I spent the majority of my teaching career trying to make up for this loss. When I taught pulleys, I used homebuilt equipment with heavy weights so the kids could actually feel the difference when they changed the mechanical advantage. Every year, students were divided into teams of three or four and they all built gizmos, which were devices of their own design that carried out an assigned task. It was a different task every year and they were not allowed to take their work home, so Dad or older brother couldn’t cheat. All they had to work with was a shop full of tools, a pile of donated materials, and what they had learned. They had to see their gizmos in their heads and build them with their hands. No black boxes here.

Steampunk fits in here, as well. Steampunk is the meeting of the past and the future. As part of the past, it is familiar and understandable. It is also full of all the nineteenth, twentieth, and twenty-first centuries’ hopes and fears. Retrofuturistic is one word used to describe it, and it fits. Of course, as a word, retrofuturistic is as strange as the thing it points toward.

The clockwork aspect of steampunk is certainly one of its charms, especially in steampunk DIY and illustrations. We look at the pictures on the page, or the pictures in our mind while we read, and think, “I understand that. I could build that.”

And we could. Or at least the better, smarter self we all become when we sit down to read science fiction could.

In clockwork, once you take the back off the watch, everything is visible. If you look long enough, you can figure our what makes it tick.

437. Steampunk Clockwork

A great deal of the charm of typical (if such a thing exists) steampunk is that it replicates the sense of wonder of early science fiction, something that is missing 147 years after its beginnings. My math refers to the publication of Twenty Thousand Leagues Under the Sea in 1870. There have been a lot of stories in that century and a half, so it is just a little hard to come up with something new.

Fortunately for science fiction, there is a new crop of readers every generation. Things that seem old and overdone to long-time readers, seem new to them. When I first saw Weir’s The Martian I thought, “Again?”, but a half million readers on Goodreads rated it highly.

In old fashioned science fiction, the hero could do anything. And therefore, so could the reader.

Among that “anything” was a world of inventions that any boy genius could whip up in his basement. When I first read Tom Swift and his Electric Rifle (published 1911; it was left behind by my grandfather and I found it in the early fifties), Tom was just putting the finishing touches on his electric rifle, but before he headed for Africa with it, he whipped up a new flyer which was half aeroplane and half dirigible to use on the trip. Easy; any boy wonder could do it.

I haven’t seen that schtick since I was a kid in the fifties, and then it was usually in books from the thirties. I think we can blame Apollo. We all saw an entire nation spend a decade of time and billions of dollars to get to the moon. Thousands of workmen (and women) in all parts of the nation made the billion parts it took to undertake a moonshot. It no longer seems possible, even in science fiction, for Sheldon to build a moon rocket in a shed out back of the house.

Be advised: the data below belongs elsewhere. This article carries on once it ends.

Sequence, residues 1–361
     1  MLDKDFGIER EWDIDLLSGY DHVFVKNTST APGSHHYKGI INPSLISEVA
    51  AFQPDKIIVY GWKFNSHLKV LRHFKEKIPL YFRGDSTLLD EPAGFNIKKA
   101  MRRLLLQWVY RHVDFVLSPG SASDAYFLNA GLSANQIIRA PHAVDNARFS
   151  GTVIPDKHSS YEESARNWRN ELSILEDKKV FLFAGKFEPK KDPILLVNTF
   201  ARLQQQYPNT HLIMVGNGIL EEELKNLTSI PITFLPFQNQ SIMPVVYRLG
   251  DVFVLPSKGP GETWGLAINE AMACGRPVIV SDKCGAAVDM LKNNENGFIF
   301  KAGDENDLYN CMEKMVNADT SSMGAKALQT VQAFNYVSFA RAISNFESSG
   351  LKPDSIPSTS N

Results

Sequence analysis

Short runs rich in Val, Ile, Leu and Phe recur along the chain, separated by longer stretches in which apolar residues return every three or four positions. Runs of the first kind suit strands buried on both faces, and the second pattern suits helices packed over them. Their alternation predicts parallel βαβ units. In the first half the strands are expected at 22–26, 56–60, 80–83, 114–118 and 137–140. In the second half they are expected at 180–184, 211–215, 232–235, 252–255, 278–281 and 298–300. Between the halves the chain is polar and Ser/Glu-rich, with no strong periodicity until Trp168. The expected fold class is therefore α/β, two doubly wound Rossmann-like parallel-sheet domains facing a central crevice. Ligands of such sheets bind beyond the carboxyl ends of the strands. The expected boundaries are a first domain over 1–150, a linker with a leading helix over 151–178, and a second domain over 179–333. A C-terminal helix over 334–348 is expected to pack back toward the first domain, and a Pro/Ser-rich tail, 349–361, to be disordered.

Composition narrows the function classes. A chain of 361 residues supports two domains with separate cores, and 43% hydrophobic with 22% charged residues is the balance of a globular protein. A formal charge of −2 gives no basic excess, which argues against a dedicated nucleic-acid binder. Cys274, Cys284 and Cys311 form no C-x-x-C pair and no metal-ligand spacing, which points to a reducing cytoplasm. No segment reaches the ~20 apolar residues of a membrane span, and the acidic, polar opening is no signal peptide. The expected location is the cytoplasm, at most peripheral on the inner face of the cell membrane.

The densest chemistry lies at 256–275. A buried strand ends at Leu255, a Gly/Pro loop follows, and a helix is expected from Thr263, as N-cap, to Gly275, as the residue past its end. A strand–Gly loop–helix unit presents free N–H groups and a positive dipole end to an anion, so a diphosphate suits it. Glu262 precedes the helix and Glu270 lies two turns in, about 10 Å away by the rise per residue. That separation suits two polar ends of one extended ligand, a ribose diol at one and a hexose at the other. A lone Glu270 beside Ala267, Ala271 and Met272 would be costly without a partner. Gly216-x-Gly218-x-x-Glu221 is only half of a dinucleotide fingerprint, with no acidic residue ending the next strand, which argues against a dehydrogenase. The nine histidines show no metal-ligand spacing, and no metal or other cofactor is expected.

When I was a kid, if I wanted to build a robot, it would have been made from tin cans, old sewing machines parts, and imagination. Now kids can build real ones (if their parents have enough money) out of plug and play components. Is that better? Is it worse? Decide for yourself, but it is different in a fundamental way.

It is all part of the digitalization of the world. And no, I’m not complaining. I’m writing this while sitting in front of a computer that makes my present life not only better, but possible.

Let’s hop into our time machine and watch it all happen. Let’s make it an even century.

In 1917, if you wanted to listen to the radio, the first thing you would do was build one, out of wire, a variable resistor, a capacitor, an appropriate piece of crystal, and a set of earphones. If you were really ambitious (or more likely, really poor) you could build the variable resistor and the capacitor as well. Everything would be in plain sight there on a pine board in front of you.

The next step was tube radios (that’s valve radios in the land of Britain). Tubes were an offshoot of incandescent light bulbs with more parts inside. Like light bulbs, you could see everything through the glass casing. Things had become more complicated, but you could still see the parts and follow their wiring.

Televisions worked like this as well, and as late as my childhood, hardware stores had a device with hundreds of sockets on top where you could plug in a tube from your TV or radio and check to see if it was burned out. They burned out frequently. If it was bad you could buy a replacement right there and fix the radio or TV yourself.

Then came printed circuits. You could still follow the wiring, but you had to turn the board over and look at the back side.

Then came transistors. They took the place of tubes, but they were tiny, anonymous nuggets with three wires and you could no longer see what their guts looked like. It was the beginning of major progress, and the beginning of the end of understanding.

Finally, integrated circuits arrived, and now you could no longer see the parts or the wires that connected them.

Now if something breaks, you throw it away. That isn’t really a problem, because things are cheaper, and the replacement is usually better than the thing discarded. In terms of practicality, things are better than ever.

In terms of understanding how our machines work, much has been lost.

But steampunk brings it all back. (more Wednesday)